May 30 2018
IBISWorld covers more than 400 UK industries, from Steel Drum Manufacturing to Supermarkets, but some trends run across the UK economy and cannot be explored at the industry level. In this special report, IBISWorld analyst Chris Edwards explores a number of industries that have been significantly affected by the rise of the gig economy
For ease of use, IBISWorld reports are written to align with the UKSIC industry classification system, which is a standard of classifying different parts of the UK economy and is maintained by the Office for National Statistics.
However, some trends run across multiple industries. The gig economy is structured so that workers are technically self-employed and paid for each task completed rather than being offered a base salary. Well-known names such as Uber, Deliveroo and Task Rabbit provide a platform for workers rather than directly supplying services to customers. As a result, their activities are not recorded at the industry level. This special report will therefore analyse their impact by looking at a cross-section of IBISWorld reports.
Although short-term, flexible work is not a new phenomenon, the use of digital platforms to connect customers with service providers has increased the amount of short-term flexible work on offer in recent years. A recent NatCen poll found that 4.4% of the UK population had worked in the gig economy in the 12 months to August 2017. However, according to research by the Chartered Institute of Personnel and Development, only 25% of gig economy workers would describe it as their main job.
As a result of this influx in flexible employment, many have questioned whether existing government regulation is sufficient to safeguard the wellbeing of gig economy workers. In the past few years several legal challenges have been raised questioning whether gig economy workers should be classified as employees, rather than self-employed. However, supporters of gig economy work have highlighted the benefits of working flexibly and emphasised the ability for workers to supplement income from another job through gig employment.
With help from IBISWorld reports we can look at the history and emergence of the gig economy and some of the industries that have been affected. We will use the Department of Business, Energy and Industrial Strategy (BEIS) definition for the gig economy.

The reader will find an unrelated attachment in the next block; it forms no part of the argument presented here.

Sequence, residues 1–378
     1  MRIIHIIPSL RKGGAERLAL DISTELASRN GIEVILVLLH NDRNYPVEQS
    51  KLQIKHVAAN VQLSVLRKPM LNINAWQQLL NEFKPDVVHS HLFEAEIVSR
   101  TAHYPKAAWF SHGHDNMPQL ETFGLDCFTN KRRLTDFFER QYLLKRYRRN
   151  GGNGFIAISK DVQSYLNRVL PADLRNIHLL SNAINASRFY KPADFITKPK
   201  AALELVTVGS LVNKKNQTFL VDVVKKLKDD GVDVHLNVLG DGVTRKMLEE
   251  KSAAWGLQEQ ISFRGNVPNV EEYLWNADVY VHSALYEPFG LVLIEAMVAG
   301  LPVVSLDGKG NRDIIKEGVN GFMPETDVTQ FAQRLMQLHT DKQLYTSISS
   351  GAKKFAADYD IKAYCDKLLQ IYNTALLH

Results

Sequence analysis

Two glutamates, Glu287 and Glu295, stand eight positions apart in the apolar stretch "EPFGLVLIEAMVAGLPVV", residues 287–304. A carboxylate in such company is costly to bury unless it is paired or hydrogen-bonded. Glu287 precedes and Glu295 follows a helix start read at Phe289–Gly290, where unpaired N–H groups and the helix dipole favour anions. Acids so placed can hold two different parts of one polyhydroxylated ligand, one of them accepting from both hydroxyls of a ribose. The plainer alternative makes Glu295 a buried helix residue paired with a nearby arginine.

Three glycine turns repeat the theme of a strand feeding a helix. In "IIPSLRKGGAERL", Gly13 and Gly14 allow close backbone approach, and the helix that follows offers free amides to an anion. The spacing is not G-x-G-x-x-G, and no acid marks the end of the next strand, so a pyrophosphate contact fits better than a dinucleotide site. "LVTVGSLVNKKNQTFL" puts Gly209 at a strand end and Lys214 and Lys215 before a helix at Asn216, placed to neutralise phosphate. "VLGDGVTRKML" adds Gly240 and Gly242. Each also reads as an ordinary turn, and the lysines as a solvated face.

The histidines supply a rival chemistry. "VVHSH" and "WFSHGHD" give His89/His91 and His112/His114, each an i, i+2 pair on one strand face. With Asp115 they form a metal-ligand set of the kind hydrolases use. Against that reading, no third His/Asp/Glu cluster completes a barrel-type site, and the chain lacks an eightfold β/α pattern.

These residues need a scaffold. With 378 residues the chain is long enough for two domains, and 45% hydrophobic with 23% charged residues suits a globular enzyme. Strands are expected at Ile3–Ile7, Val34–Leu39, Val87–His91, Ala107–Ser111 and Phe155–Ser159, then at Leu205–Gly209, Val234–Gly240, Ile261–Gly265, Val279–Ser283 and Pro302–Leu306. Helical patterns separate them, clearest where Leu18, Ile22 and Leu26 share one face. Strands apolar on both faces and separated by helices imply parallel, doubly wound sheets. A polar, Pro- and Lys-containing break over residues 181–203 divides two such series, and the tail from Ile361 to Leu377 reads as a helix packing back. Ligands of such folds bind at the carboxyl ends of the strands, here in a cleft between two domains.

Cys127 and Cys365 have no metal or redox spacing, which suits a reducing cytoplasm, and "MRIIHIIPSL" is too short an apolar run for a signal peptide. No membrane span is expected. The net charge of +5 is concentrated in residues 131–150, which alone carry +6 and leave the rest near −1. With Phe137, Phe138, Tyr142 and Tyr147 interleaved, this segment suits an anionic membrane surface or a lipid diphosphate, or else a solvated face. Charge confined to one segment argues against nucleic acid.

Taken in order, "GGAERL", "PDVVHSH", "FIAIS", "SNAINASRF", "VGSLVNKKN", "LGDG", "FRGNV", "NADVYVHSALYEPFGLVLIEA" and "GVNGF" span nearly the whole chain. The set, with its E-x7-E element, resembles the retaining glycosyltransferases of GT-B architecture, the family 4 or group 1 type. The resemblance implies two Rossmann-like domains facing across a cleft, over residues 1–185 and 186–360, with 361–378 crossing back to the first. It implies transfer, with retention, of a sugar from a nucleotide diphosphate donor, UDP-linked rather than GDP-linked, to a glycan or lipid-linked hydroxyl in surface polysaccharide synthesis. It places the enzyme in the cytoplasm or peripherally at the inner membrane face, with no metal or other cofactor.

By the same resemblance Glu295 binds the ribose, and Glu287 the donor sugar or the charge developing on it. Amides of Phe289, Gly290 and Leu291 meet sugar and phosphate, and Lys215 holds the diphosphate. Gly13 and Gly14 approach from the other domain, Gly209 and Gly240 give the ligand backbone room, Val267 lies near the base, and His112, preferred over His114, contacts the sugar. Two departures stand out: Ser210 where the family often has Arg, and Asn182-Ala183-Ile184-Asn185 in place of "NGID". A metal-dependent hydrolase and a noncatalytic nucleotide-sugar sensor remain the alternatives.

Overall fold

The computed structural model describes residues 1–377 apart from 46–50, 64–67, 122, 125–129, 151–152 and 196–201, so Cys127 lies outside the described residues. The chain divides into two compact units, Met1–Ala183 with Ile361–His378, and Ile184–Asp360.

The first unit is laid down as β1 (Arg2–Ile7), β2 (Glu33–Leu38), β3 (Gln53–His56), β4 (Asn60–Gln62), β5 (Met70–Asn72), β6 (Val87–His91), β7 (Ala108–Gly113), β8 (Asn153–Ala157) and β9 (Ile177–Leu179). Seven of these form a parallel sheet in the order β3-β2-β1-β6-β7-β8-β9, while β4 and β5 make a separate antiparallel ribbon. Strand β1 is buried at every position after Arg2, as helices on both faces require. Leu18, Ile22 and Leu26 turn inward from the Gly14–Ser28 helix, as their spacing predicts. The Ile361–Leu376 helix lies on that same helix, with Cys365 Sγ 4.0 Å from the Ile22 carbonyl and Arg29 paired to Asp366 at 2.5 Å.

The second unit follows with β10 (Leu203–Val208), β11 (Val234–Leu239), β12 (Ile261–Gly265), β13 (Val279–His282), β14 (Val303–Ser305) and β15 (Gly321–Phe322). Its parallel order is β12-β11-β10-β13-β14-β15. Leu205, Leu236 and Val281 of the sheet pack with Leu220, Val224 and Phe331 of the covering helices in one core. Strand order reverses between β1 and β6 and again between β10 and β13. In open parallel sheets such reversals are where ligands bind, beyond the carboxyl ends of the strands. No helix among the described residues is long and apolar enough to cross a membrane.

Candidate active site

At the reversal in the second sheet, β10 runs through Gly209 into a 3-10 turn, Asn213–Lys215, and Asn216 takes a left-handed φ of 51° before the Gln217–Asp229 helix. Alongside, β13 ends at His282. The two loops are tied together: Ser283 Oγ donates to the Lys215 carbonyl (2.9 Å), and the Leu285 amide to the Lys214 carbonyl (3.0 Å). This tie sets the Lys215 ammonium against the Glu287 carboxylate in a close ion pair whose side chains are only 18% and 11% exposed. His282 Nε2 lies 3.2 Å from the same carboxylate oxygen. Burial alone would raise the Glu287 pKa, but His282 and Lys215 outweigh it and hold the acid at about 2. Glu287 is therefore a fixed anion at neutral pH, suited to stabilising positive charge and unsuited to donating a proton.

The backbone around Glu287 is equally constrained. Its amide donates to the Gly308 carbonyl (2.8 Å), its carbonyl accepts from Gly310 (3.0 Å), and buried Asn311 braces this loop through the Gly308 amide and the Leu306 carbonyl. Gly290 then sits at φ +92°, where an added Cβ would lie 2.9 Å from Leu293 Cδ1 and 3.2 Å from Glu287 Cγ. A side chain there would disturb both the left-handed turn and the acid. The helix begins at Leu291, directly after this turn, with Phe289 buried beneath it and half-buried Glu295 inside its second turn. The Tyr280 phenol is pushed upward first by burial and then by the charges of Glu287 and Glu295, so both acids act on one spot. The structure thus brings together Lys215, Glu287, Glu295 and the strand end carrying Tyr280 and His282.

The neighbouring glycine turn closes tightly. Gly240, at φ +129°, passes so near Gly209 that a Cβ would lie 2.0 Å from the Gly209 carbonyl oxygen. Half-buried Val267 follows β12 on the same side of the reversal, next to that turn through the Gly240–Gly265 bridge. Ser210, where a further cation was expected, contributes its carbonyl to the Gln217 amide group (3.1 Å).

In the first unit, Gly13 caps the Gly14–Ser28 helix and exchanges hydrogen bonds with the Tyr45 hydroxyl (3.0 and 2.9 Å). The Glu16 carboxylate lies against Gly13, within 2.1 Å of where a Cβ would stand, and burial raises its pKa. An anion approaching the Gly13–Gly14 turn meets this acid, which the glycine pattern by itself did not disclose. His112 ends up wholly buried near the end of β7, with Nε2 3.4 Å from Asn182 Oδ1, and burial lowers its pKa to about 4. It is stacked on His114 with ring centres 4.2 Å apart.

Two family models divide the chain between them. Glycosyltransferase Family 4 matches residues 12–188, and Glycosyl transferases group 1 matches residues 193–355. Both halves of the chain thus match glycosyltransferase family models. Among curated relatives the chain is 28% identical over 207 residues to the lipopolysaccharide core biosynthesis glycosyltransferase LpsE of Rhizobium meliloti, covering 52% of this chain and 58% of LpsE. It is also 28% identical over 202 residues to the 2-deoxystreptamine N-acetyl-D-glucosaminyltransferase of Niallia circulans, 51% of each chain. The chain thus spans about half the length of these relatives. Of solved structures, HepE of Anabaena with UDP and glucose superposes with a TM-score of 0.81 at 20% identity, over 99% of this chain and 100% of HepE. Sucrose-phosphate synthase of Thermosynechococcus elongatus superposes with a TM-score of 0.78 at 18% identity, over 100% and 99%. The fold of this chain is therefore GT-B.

“The gig economy involves exchange of labour for money between individuals or companies via digital platforms that actively facilitate matching between providers and customers, on a short-term and payment by task basis.”
Companies offering gig economy courier platforms in the UK include Citysprint, eCourier, AnyVan and AmazonFlex, among others.
According to research conducted on behalf of BEIS, providing courier services is the most common form of gig economy employment. Of those involved in the gig economy, approximately 42% had carried out courier services using digital platforms in the 12 months up to August 2017.
Research by YouGov found that 45% of couriers using digital platforms earned less than £1,000 from gig economy employment in the year to August 2017. However, many gig economy couriers work flexibly to accrue income in addition to having a primary job or participating in education.
IBISWorld estimates that the UK Postal and Courier Activities industry will be worth over £21 billion in 2018-19. In recent years, small digital platform operators have jostled with established postal companies to win a share of this lucrative market. There are now a large number of companies offering platforms that connect couriers to UK customers, and existing delivery services have introduced or expanded flexible employment options.
In recent years, there has been increased legal and political pressure to better regulate gig economy work in the United Kingdom. For example, in March 2017, Andrew Boxer, a cycle courier who had worked for a company called Excel, won an employment tribunal case for holiday pay. The company had classified Mr Boxer as self-employed, and he had provided his own bike, phone and protective equipment. Following several similar legal cases challenging aspects of the gig economy, increased regulation and employment rights are expected over the next five years.